“Nobody, as far as I’m aware is calling for the mine to be closed, so the challenge is, how do we actually address some of these persistent issues that have been there for 20 years? They’re not new and they’re not easy to solve.”
Dispute over compensation for survivors
According to Gaupe and Mandi, there’s a simple solution to Barrick’s conundrum.
“Maybe they should return to Canada and stay in Canada,” said Mandi in an interview. “I think it is best to stop this big Canadian gold miner, Barrick, from mining in our home country.”
Mandi, who was a school girl when she was raped by a group of Porgera mine security guards, is one of an untold number of women who have never received compensation from Barrick for their suffering. Ashamed of what had happened to her, she fled her village after the attack, she told National Observer.
She never heard that in 2012, the company launched a formal remediation program for female victims of sexual violence in the Porgera Valley. The first of its kind, it offered the women PGK50,000 (roughly $21,000) in compensation, and a promise that school fees and medical support would be provided for their children over the next three years.
But much of the latter has not been delivered, says Gaupe — one of 119 who did hear about the package and accepted it. When her husband found out that she had been raped, he abandoned her, leaving her alone to raise their children. She is now struggling to keep them healthy and in school, she says, as a single mother of four.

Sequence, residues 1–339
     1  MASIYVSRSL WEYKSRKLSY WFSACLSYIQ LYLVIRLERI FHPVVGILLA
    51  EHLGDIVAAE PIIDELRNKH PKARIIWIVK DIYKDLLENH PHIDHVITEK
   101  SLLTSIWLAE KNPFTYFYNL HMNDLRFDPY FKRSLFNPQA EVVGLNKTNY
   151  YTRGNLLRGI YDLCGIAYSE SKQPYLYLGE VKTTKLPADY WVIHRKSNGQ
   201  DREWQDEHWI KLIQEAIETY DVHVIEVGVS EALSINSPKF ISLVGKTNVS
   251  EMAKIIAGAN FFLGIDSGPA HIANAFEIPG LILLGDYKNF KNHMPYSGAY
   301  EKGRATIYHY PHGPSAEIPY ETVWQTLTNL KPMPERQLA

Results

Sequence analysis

The remediation program has been widely criticized by industry watchdogs, who say many of the women didn’t understand the documents they were signing, and were led to believe that if they didn’t sign, they would get nothing. In accepting the package, the women also signed a controversial legal waiver that forfeited their rights to sue the company or seek further compensation for the same grievance.
In 2015, 11 survivors of sexual assault at the mine settled out of court with Barrick, for what was reportedly a much larger sum than was provided through the remediation package. In November last year, Gaupe — along with the other women who took that package — signed a letter seeking intervention from the officials at the UN Forum on Business and Human Rights in Geneva in their quest to receive compensation to match the sum received by the women who settled out of court.
Those sums have been kept confidential and National Observer could not confirm the numbers.
No plans to re-open remediation program
On Wednesday, at the shareholder’s meeting, Coumans of MiningWatch Canada demanded on their behalf that Barrick release them from the legal waiver preventing them from suing or seeking extra cash.